Wednesday, October 13, 2010

Savings Experiment: Carpooling


Everyone knows that carpooling can save energy and it diminishes traffic. When many people use only one vehicle to get to the same place, fewer resources are used up. But does the money it saves passengers really make much of a difference to your pocketbook?

According to the AAA, the average American one-way commute to work is 16 miles, so most of us travel an average of 32 miles a day just to get to and from our jobs. Using the commute computer at, a ride-sharing portal, we found a savings of more than 50% for people in car pools.

Assuming a vehicle costs 59¢ a mile to operate five days a week (a typical figure under stop-and-go conditions over 15,000 miles a year), we can do a little math and find that when split equally among all members of the car pool, the per-person price for fuel, car maintenance, paring and tolls plunges by half or more compared to solo commuting.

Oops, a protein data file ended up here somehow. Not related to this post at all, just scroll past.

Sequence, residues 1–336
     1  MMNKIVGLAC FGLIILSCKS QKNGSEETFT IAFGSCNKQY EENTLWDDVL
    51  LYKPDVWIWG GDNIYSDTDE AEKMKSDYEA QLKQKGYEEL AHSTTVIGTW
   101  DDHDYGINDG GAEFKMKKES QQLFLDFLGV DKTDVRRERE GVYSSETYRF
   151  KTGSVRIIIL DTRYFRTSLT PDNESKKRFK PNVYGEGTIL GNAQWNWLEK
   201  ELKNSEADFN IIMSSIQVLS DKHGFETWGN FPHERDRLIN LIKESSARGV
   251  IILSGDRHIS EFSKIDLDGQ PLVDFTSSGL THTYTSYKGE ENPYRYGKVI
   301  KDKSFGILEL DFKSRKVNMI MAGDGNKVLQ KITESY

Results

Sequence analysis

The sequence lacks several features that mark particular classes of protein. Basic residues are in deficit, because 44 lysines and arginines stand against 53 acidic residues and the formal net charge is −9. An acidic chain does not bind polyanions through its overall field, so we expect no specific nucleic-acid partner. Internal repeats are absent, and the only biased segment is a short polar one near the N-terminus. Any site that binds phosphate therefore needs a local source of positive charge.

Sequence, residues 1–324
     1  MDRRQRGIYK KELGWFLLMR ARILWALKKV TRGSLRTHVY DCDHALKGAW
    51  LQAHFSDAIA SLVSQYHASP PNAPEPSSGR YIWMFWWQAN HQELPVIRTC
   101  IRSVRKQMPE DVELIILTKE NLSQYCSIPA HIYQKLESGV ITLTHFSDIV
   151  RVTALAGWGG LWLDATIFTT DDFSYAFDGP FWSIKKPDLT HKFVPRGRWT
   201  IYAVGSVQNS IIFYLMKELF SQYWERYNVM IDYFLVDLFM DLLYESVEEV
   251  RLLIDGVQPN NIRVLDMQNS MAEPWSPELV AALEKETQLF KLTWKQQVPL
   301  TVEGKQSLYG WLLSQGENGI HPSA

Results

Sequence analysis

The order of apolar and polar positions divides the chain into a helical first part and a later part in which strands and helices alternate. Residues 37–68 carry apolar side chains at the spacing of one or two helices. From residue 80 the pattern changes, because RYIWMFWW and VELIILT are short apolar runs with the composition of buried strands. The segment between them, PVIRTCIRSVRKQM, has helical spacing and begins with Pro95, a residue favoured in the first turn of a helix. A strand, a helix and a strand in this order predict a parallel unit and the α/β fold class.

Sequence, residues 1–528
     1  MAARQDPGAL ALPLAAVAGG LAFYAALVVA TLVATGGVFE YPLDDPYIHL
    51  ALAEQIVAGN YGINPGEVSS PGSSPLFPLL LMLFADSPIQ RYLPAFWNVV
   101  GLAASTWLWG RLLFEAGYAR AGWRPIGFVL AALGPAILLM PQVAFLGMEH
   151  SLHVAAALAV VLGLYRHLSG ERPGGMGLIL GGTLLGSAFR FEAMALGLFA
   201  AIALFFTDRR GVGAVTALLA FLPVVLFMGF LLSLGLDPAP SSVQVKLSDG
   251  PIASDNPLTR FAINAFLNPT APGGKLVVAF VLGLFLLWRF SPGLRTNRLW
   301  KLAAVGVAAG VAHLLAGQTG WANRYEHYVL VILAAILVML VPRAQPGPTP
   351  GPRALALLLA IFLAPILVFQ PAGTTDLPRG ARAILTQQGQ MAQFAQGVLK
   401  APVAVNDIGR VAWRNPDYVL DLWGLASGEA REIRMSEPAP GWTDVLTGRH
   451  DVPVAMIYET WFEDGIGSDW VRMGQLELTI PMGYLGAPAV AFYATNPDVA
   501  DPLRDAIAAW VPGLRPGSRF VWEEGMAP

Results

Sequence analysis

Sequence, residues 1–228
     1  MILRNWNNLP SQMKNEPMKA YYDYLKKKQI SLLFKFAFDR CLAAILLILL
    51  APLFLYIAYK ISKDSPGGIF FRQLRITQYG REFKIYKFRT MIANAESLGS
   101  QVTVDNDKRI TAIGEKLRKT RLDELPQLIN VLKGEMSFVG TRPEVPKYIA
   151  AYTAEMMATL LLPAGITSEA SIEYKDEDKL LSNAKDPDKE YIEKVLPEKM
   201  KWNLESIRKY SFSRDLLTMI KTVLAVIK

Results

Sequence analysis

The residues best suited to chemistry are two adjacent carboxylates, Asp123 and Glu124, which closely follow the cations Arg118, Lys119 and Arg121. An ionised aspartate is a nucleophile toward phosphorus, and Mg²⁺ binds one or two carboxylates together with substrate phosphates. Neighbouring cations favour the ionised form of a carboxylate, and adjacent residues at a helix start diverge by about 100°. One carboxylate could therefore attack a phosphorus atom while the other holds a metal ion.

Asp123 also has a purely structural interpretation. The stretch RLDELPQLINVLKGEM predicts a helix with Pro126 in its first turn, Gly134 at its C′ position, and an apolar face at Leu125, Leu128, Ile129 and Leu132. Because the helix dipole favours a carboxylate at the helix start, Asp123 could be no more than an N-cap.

That car will cost about $4,680 a year to get to and from work. Start splitting that among passengers, and the per-person cost plummets. For two people, the per-passenger savings is $2,340 per year. Split between three people, the per-person savings is $3,120 per year; instead of shouldering the whole $4,680 cost, each person in a three-person pool pays only $1,560.

Carpoolers also can become productive during a significant portion of their day. Instead of manning the steering wheel every day, the passengers in a car pool can spend their time doing more productive things, such as reading the news, writing, catching up on books, texting family -- for a 45-minute commute, that's like getting another hour and a half of your life back when you're not driving.

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